This talk was a boon to those still rather addled by the whole millennial thing, giving a good overview on the sheer ludicrousness of it all. Wojcik’s talk ended with the conclusion that millennialism isn’t about to disappear due to a mere change of millennium – he reckons that we should expect a kind of reformist millenarianism for the 21st century. An excellent quote (which I don’t think he knew he made until later) was:
‘No Catastrophe Necessary’ Check out the Millennial Information Exchange at endnear.com
‘Theatrical Maverick’ Ken Campbell came to entertain and confound us with his proposition of a ‘Wol Wontok’ – a One Word Language, i.e. pidgin English. This talk took the form of entertainment with a message – Campbell was dressed in a strange (hemp?) suit scribbled with pidgin – a language apparently created about 150 years ago when south-seas tribesmen slaves, captured and segregated from others of their own tongue by the British.
They developed a language with no tense or grammar, by listening to their apparently Irish guards…and lo, we have pidgin, variations of which are known as Creole. Campbell claims that he can teach the entire language in 24 hours (Blather may send an envoy to learn), and has re-written Shakespeare’s Macbeth in Pidgin. Ken Campbell – Wol Wontok
Various helpers come on stage to help him with excerpts, including Lady Macbeth ‘Take my milk for gall’ becomes something (saemting) like ‘Put grilli in my titti’ or somesuch. Roddy McDevitt came on stage armed with a bodhrÃ¡n – the Irish traditional goatskin drum – and performed Paul McCartney’s *Blackbird*…in pidgin. This was followed by his reading of *The Second Coming* by W.B. Yeats – which his brother, Niall, performed in pidgin…
It’s certainly fascinating to listen to and use:
ting=deep thought (thought about thought)
ting ting blong ting ting
(deep thought belonging to deep thought)
It’s a language that seems to mean very little when seen written – but makes much more sense when heard.
As the first site below mentions, if you’re at the airport, and someone asks you:
Plen bambae i foldaon long wanem taem?
(Plane by and by it falls down at what time?)
‘Don’t run for cover. The enquirer is simply trying to establish what time the plane is due.’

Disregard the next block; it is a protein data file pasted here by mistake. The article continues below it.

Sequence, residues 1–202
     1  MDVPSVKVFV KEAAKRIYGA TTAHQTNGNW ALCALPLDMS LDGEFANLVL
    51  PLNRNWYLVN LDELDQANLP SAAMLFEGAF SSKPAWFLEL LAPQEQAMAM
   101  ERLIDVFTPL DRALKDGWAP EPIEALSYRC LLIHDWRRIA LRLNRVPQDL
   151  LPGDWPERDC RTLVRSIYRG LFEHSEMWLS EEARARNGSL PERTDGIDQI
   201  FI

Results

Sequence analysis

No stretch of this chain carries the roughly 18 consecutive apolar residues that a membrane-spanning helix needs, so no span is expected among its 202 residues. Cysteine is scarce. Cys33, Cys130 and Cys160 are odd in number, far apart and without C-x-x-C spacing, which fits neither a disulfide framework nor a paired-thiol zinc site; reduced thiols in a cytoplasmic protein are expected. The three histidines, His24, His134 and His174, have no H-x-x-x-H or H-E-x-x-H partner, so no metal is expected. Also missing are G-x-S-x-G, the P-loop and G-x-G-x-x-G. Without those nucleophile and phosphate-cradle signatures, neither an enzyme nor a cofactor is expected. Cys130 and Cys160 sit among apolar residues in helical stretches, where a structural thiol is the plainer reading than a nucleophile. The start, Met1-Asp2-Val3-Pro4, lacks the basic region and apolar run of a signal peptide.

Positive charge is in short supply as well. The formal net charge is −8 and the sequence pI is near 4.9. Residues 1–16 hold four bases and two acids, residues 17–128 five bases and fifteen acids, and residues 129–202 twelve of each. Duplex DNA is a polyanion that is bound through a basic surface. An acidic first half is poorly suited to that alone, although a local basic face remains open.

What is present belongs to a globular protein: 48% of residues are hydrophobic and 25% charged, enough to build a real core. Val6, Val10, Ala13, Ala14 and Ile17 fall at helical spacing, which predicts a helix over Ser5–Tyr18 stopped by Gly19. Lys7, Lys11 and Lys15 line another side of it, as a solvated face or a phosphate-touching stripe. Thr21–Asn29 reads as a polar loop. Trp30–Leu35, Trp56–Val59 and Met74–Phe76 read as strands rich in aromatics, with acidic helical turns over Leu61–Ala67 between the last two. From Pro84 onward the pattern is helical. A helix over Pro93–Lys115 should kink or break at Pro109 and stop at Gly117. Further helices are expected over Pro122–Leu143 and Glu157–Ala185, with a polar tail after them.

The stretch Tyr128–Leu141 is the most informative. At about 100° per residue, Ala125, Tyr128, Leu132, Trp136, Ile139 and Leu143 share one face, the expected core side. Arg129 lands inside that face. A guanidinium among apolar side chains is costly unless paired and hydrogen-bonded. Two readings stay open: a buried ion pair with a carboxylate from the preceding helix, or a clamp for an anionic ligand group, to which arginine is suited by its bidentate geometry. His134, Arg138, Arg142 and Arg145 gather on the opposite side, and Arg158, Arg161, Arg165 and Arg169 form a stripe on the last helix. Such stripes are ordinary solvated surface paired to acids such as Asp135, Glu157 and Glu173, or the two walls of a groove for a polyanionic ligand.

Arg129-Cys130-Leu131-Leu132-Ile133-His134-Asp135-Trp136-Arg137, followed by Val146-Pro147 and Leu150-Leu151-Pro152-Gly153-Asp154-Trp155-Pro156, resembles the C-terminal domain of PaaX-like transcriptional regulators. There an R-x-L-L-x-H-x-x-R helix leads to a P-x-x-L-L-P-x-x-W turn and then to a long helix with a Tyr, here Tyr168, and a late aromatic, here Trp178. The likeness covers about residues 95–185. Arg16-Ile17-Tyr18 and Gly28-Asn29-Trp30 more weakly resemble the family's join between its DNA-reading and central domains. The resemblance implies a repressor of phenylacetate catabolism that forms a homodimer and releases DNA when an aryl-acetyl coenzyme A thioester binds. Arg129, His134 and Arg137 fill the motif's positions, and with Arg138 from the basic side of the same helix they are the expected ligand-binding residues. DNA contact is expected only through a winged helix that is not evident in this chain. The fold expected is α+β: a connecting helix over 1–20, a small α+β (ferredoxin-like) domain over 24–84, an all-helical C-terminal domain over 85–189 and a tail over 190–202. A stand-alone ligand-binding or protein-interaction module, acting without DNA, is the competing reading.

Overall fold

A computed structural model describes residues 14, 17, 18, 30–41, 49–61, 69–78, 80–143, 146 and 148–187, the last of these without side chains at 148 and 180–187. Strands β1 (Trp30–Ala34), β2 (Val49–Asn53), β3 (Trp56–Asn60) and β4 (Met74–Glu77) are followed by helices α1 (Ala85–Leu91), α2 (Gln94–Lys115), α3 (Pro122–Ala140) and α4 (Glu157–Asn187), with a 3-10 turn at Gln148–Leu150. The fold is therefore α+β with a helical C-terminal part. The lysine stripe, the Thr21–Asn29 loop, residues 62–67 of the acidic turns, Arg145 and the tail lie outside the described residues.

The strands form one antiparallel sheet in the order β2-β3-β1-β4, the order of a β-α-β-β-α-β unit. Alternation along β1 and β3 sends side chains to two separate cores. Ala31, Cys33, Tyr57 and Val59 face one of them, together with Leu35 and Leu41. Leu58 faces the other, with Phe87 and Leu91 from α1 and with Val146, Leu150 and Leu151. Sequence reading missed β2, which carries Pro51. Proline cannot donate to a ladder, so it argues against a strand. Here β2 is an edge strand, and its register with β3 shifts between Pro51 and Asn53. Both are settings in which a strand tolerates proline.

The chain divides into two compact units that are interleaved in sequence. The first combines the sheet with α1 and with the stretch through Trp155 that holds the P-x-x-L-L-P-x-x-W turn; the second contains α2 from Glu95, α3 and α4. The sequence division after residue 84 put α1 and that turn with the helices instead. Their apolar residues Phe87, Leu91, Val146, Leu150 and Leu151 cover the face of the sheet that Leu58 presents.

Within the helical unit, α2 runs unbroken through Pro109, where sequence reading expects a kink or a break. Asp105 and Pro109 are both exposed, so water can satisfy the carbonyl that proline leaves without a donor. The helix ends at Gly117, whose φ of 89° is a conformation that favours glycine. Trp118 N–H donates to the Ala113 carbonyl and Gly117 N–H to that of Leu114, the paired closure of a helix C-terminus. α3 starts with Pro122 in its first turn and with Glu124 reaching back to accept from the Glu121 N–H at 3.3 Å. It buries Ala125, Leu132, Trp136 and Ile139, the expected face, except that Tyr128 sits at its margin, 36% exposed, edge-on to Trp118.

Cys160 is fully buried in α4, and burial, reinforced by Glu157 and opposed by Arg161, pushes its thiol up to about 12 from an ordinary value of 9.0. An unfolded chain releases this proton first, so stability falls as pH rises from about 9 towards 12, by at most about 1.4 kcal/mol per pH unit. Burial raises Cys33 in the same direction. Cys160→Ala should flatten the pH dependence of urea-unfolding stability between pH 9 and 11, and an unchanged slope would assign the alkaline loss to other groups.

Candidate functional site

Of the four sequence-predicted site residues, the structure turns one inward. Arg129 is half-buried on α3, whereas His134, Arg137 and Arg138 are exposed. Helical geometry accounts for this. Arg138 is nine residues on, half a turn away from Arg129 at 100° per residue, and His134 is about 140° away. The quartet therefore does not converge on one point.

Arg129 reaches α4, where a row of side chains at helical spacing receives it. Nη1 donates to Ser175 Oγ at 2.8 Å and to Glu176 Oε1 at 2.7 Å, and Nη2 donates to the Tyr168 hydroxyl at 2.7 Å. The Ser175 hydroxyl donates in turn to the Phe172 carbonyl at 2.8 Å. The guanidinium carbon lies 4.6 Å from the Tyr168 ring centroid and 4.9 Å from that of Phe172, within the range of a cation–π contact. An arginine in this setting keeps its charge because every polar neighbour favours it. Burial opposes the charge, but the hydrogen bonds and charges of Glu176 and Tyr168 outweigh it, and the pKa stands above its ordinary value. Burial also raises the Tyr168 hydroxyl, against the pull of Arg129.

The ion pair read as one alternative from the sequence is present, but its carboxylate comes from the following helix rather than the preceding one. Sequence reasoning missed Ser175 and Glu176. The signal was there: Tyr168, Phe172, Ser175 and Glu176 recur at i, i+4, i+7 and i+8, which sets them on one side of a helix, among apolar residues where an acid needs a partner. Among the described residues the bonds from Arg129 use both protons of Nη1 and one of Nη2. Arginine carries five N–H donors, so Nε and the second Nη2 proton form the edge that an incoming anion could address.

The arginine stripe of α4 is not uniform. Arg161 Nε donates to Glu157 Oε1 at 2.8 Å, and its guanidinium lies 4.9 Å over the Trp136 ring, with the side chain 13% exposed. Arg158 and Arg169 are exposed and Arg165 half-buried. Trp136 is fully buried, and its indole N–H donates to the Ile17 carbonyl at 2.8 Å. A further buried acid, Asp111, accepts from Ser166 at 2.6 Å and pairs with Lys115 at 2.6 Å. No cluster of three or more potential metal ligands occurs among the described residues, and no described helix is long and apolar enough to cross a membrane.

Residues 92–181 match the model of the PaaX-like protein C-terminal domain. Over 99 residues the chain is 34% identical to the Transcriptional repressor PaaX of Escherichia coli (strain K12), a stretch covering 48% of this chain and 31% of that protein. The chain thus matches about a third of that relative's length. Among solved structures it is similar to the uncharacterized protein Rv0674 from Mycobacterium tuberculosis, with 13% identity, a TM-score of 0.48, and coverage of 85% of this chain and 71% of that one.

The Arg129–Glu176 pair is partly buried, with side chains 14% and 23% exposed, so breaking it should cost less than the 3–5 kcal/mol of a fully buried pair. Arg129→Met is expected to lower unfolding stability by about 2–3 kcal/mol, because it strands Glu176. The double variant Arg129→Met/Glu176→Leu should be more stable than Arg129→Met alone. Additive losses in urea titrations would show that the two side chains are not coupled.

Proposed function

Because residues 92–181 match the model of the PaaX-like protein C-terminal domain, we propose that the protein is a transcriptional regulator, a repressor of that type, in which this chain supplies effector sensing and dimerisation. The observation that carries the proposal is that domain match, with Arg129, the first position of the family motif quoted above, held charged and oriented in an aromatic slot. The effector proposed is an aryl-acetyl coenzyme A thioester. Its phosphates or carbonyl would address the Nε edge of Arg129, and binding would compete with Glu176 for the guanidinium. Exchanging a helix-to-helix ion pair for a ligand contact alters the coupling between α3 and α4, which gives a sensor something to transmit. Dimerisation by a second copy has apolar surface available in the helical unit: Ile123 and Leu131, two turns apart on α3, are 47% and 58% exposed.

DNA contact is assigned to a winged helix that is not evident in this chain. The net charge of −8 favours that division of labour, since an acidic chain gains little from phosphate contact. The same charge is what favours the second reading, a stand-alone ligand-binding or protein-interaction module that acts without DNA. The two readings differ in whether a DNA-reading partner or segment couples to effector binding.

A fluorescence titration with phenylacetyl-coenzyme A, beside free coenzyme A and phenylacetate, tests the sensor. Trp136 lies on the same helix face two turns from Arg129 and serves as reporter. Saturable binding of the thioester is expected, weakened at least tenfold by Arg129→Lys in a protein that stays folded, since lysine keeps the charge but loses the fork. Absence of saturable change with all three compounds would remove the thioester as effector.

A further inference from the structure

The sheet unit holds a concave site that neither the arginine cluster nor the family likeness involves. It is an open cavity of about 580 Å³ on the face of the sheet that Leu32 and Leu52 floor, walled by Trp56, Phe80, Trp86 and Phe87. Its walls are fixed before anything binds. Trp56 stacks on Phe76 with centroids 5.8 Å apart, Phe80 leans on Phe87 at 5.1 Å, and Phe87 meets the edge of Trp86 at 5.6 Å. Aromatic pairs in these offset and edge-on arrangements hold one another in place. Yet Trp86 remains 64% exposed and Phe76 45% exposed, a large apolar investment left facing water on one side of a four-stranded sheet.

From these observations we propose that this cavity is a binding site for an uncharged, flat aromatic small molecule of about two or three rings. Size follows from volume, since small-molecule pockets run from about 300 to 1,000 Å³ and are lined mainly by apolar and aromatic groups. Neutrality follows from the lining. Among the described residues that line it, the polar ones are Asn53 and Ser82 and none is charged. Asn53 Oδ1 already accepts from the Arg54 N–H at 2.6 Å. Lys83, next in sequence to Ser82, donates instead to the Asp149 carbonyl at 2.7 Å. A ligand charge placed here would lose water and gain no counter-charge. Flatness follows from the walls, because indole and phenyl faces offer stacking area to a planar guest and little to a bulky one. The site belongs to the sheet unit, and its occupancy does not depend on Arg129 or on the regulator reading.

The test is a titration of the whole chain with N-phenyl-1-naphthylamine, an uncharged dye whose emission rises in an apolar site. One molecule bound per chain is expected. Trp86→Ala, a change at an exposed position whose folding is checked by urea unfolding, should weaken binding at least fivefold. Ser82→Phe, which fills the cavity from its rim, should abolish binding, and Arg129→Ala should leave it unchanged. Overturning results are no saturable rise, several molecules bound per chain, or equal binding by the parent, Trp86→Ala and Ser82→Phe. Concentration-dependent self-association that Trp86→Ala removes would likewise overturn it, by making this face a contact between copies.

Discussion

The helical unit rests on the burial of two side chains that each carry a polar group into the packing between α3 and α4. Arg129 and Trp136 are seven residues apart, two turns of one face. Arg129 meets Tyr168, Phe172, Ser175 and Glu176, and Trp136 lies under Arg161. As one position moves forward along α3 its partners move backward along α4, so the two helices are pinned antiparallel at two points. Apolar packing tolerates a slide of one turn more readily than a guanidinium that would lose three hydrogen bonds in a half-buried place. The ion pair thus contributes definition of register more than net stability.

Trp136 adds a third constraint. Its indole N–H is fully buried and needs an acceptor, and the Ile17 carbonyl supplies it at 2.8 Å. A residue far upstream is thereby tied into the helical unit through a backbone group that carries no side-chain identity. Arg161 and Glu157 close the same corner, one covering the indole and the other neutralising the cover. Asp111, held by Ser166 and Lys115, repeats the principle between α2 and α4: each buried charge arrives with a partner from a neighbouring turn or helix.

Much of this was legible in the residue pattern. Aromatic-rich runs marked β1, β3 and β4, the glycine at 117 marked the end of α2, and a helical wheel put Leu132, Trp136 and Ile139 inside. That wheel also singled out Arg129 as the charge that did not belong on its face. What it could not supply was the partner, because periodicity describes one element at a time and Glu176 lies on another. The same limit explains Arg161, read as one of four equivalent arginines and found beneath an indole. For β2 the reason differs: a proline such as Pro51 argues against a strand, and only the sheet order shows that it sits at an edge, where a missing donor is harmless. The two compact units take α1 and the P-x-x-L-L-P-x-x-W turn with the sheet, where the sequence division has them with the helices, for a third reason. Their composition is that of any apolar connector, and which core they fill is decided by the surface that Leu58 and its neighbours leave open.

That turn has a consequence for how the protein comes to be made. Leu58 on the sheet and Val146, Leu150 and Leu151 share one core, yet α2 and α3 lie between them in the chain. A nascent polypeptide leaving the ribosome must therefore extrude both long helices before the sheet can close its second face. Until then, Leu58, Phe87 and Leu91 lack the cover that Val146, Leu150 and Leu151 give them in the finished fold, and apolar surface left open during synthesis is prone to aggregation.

“Evri samting yu wantem save long Vanuatu be yu fraet tumas bling askem”
(Everthing you wanted to know about Vanuatu but were afraid to ask)
At this point in time, we ran out of steam and so retired to the bench, loading ourselves with coffee and chocolate…and spent time nattering to various fiendish folk who were found wandering the grounds of the Institute. Other notable attractions were the bookstalls, where the inimitable Jon Downes was holding forth, various authors were inscribing manuscripts for their fans, and people were laying out money to have their auras photographed – if any readers had a go at that, we would be delighted to hear their comments. Pictures are Gordon Rutter and Scott Russell, who spoke about Rosslyn Chapel and those infernal templars…
As we didn’t get a chance to pay much heed to the other UnCon periphery pursuits – such as the *The Mind Machine*, The Seances, and The Association for the Scientific Study of Anomalous Phenomena (ASSAP) experiments, Blather appeals to those who did to come forward and be heard… and, as there were always two speakers on at the same time, we only managed to make to less than half the speakers. As a result, we missed Richard Wiseman, David Barrett, Jenny Randles, Gordon Rutter & Scott Russell, Andy Roberts, Neil Nixon, Emmet Sweeny, and rather deplorably Tony Healy’s Yowie talk.
Any readers wishing to contribute their comments on these talks – feel free to pass their Blatherings to us…
– and so Day I ended, and the troops headed off to various Kensington Hostelries for revelries…
Next week: Day II of the UnConvention
The Association for the Scientific Study of Anomalous Phenomena
Wild paraphrasing from *Fear and Loathing in Las Vegas* by Hunter S. Thompson
More photographs (from Fortean Times)
Unconventional Means 2
Dave (daev) Walsh
May 4th 1999